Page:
The students really responded to the film. One student recommended showing the film at the beginning of the semester in order to grab students’ attention about water issues. Having viewed the film earlier, this student thought he would have created a project proposal based on the film’s content.

Friday, December 2, 2011

Earlier this year in August, the River Stewards embarked on their annual Orientation for the incoming River Stewards. Accompanied by community partners and other River Stewards, the group of paddlers made their way down a 17 mile stretch ending on the Great Miami River near Sun Watch Indian Village. There, the Stewards packed up and participated in a small reflection exercises lead by brother Geiger. At one point during the reflection brother Geiger asked each member to pour a small amount of water from their water bottles into the river. He then prompted everyone to imagine where their water would end up in the future..

Now is the future. The water that was poured into the river could now be the snow atop a child's snowman. The water could be dispersed among the waves in the Gulf of Mexico, the reefs of Australia, or the currents of the Atlantic. The water could be sweat on the floor of the Rec Plex or even a puddle in a drainage system in Cincinnati. The water could be anywhere on the planet by now. The point is that we are interconnected by our watersheds. What we do here and now plays a role in what they will do then and there. Lets us be wise and diligent with what we do in the "here and now".

Be encouraged ye Stewards of the River!

Alexander Gaskins

Sunday, November 27, 2011

Flying Home

As I flew home for deep-fried Turkey day in Virginia, I "tried" to look outside my window as the plane bumped and jerked from Dayton to D.C. The rivers I saw as I was about to land were very surprising to me because I had no idea that we had so many close to my house. The time in between hitting my head from the wind and from trying to make my knees as small as possible so the angry lady in front of me wouldn't turn around again, I attempted to find out where these rivers and lakes were.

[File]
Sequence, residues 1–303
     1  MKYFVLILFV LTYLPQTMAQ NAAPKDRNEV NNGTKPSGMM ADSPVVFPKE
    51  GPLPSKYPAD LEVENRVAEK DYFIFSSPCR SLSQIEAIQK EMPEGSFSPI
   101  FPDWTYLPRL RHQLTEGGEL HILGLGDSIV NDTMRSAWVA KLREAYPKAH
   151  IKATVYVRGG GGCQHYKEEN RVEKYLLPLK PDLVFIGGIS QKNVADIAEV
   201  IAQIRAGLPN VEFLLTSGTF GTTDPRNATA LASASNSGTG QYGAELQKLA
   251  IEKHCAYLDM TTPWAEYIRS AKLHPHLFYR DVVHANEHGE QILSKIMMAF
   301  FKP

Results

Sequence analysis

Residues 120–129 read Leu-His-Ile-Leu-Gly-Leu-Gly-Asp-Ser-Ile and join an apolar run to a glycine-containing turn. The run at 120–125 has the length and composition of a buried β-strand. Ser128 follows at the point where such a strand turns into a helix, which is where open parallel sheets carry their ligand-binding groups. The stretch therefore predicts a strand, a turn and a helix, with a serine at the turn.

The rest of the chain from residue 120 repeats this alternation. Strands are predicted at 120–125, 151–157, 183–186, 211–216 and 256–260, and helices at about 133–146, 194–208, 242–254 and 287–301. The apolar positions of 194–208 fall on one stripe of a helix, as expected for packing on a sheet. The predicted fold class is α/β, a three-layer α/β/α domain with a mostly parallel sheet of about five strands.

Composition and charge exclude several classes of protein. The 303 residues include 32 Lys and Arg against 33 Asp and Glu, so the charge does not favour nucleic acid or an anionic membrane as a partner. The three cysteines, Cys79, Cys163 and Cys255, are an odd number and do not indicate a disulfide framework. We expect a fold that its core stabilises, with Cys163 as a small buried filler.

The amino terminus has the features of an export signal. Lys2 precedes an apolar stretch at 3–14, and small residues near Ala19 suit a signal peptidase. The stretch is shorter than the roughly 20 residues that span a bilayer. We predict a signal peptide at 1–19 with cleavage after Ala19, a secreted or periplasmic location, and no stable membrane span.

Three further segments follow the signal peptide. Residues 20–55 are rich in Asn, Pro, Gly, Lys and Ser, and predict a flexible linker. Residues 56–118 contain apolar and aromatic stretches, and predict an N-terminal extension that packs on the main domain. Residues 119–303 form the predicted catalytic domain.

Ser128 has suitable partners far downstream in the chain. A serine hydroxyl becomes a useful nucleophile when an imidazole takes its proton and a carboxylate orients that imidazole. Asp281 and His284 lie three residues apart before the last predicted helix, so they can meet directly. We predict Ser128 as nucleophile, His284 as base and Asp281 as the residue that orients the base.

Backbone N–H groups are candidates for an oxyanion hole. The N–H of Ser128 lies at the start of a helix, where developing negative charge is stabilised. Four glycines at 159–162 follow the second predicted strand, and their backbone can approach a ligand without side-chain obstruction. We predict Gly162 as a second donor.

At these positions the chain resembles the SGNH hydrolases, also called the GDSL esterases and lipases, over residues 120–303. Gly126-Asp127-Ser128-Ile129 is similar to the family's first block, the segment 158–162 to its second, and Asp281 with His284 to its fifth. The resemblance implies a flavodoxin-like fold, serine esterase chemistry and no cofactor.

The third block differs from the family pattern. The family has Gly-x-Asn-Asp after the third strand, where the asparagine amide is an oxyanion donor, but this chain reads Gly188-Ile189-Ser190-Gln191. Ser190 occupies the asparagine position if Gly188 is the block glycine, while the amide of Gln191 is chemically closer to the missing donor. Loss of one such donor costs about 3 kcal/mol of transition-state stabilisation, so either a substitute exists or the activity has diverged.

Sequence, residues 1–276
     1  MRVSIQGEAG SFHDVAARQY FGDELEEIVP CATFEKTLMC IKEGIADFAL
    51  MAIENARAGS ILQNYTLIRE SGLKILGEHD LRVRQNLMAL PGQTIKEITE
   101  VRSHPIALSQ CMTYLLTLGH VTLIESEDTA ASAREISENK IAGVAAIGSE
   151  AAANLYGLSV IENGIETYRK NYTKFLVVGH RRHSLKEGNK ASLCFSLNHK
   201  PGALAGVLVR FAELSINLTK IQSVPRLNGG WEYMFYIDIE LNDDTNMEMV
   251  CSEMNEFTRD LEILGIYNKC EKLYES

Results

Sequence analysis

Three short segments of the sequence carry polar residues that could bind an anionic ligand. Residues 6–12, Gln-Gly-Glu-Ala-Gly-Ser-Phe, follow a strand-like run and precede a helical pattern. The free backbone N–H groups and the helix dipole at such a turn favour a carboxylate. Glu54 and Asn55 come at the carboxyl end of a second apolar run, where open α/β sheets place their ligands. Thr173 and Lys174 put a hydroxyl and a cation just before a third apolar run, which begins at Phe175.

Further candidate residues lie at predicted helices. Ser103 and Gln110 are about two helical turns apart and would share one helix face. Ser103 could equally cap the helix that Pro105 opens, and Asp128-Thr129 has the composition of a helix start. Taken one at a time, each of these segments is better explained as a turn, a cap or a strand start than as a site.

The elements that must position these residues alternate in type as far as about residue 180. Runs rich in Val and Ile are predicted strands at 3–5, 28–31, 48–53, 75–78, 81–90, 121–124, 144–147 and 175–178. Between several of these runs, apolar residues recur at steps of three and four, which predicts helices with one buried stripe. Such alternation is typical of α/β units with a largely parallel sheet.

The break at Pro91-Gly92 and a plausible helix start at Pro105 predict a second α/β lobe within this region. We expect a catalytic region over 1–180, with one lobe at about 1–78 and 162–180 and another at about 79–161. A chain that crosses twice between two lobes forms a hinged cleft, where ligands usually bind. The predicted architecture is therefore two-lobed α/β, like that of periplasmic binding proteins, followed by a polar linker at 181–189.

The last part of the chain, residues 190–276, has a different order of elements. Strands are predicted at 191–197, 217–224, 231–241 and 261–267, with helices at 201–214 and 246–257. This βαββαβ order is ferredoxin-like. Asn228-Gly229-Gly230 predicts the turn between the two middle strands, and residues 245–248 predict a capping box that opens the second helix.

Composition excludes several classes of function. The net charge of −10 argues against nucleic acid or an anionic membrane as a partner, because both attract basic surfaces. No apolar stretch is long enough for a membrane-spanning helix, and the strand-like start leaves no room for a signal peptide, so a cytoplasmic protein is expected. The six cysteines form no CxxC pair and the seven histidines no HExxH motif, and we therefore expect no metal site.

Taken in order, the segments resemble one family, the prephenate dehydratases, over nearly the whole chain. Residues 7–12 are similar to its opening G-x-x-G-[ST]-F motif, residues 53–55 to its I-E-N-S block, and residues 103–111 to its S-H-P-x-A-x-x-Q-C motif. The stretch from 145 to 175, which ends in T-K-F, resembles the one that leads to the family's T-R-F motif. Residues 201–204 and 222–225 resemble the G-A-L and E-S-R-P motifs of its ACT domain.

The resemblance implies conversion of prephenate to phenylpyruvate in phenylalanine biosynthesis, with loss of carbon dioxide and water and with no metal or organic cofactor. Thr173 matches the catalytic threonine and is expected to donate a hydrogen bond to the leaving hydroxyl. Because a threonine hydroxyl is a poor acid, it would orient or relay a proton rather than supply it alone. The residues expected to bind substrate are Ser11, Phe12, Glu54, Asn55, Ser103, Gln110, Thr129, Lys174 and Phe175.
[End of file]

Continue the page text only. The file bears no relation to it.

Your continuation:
Once I finally landed and kissed the ground a few times, I decided to go home and research the names of some of these nearby bodies of water. To my surprise I found that a lot of these were public rivers and lakes that could be used for recreation. The only disappointing part that I found was how under advertised these were. Compared to Dayton and how we all love and promote our rivers, the area I live in just sees them as a 'there' and nothing special.
I remember when I lived in the Cleveland area and how everyone loved the metroparks, the lakes and rivers, and the forests we had. Everyone knew where Beartown Lakes was and how LaDue Reservoir was a great place to fish, hang out, and go boating on. Now that I live in cruddy ol' Virginia, there is none of this, even though the amount of rivers and lakes nearby are much higher than that of Cleveland.
On a brighter side of things, I found that my family kept my bass boat from when we lived in Cleveland. Even though I am still unsure of how they pulled that boat 8 hours to DC I am glad they did. It made me realize that I can take this boat out, after registering it, and go enjoy the many lakes near my house. Also, my Opa talked to me during this small break and was ecstatic when I told him I had been kayaking in River Stewards and how much I loved doing it. Since he is a big kayaker himself, he gave me tips and tricks and even some money to buy my personal kayak for the spring and summer time so I can go explore the rivers and lakes near my house.
In the end, I found out how lucky Dayton is to have this much love for its rivers and lakes. As everyone says, you don't know what you got till its gone, and it is especially true in this case.

Monday, November 14, 2011

A Quick Update on the Last Few Weeks of the RLC

Week 9

This week, Dick Ferguson, the Director of the Fitz Center for Leadership in Community, spoke to the students about different leadership styles, how they work together, and how the students can use their leadership skills to complete their projects. Dick’s presentation was very valuable for the students to learn how their projects can contribute to the Dayton community.